IRELAND IS PREPARING TO OFFICIALLY REJECT claims it is operating as a tax haven for large multinationals, after accusations made by US senators.
The country has been forced to defend its low corporate tax regime after a senate sub-committee found that while Apple has three Ireland-based subsidiaries, they do not appear to be tax-resident anywhere in the world.
Irish ministers insist their tax system is clear, and other countries are to blame for Apple’s ability to drive its effective rate down to 2%. Indeed, finance minister Michael Noonan pledged Ireland would not serve as the senate sub-committee’s “whipping boy”, Reuters reports.
Dublin intends to go on record this week, informing the committee led by chair Carl Levin it is not a tax haven and has not struck a special tax deal with Apple.
“Undoubtedly there’s a risk of reputational damage if we don’t defend our corner and set out the facts, so of course that’s happening,” Ireland’s European Affairs Minister Lucinda Creighton said, referring to the draft response.
“I’ve no doubt there will be a strong response, and we will strongly defend Ireland as a safe, a legally sound and a good place to do business. What you see is what you get, and that is why so many global companies are headquartered in Ireland.”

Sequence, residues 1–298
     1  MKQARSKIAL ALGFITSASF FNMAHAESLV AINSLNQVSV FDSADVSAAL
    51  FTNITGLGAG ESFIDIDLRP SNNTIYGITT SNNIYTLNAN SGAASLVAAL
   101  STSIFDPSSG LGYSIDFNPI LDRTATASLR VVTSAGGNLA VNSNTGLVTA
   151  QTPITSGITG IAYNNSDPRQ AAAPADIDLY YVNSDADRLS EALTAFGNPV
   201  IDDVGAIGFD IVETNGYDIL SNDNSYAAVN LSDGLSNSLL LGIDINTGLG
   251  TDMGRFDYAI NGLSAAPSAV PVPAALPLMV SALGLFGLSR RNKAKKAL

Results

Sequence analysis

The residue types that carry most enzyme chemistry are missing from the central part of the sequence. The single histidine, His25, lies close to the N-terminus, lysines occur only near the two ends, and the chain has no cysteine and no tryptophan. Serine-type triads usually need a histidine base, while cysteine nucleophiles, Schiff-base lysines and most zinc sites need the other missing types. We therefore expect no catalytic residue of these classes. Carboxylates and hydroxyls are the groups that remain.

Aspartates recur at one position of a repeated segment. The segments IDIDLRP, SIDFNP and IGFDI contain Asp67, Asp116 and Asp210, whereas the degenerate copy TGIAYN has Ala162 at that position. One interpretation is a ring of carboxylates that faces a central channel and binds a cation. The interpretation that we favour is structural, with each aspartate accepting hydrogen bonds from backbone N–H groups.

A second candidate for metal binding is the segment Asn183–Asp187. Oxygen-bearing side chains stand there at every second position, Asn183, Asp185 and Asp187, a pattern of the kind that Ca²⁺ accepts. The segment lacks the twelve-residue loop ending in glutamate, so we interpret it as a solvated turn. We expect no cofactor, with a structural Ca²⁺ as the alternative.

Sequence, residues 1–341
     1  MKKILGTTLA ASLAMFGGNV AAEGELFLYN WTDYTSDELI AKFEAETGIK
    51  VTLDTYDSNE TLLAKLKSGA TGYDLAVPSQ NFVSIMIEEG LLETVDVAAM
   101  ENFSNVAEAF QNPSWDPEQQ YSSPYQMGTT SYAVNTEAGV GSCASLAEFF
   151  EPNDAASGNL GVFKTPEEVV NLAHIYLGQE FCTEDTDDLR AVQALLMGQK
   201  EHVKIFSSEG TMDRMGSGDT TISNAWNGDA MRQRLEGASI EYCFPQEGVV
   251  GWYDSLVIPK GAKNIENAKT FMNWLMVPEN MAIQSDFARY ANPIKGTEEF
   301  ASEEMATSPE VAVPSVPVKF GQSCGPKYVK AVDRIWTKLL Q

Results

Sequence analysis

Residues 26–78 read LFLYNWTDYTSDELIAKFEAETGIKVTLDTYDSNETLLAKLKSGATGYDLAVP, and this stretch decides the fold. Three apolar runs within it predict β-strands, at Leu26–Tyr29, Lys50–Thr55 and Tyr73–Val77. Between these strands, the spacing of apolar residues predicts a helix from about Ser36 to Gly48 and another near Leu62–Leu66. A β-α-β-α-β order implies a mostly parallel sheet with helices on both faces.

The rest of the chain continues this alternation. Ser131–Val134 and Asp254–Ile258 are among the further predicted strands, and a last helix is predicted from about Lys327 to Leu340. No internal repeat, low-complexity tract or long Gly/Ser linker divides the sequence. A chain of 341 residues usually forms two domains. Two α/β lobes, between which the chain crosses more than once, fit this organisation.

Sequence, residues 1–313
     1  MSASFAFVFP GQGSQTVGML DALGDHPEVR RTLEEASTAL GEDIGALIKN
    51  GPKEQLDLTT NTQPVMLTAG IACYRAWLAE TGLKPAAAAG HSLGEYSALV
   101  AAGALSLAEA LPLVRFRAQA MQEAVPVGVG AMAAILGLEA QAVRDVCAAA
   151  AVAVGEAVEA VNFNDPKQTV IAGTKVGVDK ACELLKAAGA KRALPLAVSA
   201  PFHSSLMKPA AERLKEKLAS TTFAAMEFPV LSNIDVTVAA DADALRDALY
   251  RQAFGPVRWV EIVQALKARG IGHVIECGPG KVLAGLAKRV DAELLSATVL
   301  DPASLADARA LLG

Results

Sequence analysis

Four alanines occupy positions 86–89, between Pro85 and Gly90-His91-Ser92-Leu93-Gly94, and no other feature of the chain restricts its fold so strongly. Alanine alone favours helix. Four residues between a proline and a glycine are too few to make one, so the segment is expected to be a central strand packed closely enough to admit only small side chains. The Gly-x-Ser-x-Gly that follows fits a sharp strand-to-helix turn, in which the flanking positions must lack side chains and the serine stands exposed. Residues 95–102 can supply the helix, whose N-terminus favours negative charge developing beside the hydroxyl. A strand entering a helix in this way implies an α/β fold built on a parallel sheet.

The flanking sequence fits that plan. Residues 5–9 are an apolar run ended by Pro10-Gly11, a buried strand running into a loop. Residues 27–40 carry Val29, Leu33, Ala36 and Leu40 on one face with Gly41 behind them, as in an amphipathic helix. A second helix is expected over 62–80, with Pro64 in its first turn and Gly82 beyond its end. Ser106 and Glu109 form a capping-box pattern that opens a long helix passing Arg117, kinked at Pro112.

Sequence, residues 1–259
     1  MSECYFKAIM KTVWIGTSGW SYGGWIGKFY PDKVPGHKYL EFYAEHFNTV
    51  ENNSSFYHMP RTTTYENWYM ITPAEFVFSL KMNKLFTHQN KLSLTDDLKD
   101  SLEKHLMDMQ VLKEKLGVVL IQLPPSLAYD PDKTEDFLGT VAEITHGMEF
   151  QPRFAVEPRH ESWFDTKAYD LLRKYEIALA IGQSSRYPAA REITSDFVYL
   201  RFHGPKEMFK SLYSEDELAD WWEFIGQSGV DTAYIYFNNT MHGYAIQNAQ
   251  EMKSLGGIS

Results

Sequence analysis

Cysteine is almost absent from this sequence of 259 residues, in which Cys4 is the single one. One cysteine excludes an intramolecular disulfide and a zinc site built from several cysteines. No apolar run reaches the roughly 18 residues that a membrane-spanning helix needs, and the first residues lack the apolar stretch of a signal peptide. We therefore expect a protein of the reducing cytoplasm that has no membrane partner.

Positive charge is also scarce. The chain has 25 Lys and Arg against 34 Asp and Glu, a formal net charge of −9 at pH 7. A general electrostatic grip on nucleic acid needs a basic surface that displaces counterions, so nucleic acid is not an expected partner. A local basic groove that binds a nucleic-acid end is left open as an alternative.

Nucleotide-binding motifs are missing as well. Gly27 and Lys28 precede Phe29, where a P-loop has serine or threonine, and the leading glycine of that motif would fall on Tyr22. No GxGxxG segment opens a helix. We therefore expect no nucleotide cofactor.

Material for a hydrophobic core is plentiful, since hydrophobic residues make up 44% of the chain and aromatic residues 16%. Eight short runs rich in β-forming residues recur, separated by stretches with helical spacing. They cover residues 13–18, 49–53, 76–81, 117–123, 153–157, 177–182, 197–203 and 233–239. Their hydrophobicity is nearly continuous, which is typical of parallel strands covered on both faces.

Creighton was speaking ahead of a four-day trip to Washington and New York, where she will meet business leaders and politicians. While the trip was planned before the current controversy, she said the opportunity would be taken to put right the “misinformation” heard in the senate.
Meanwhile, Google chief executive Eric Schmidt has admitted he is “perplexed” by the ongoing debate over its UK tax position, insisting the search engine pays what it is “legally required” to.
“If the British system changes the tax laws, then we will comply,” he told the BBC.
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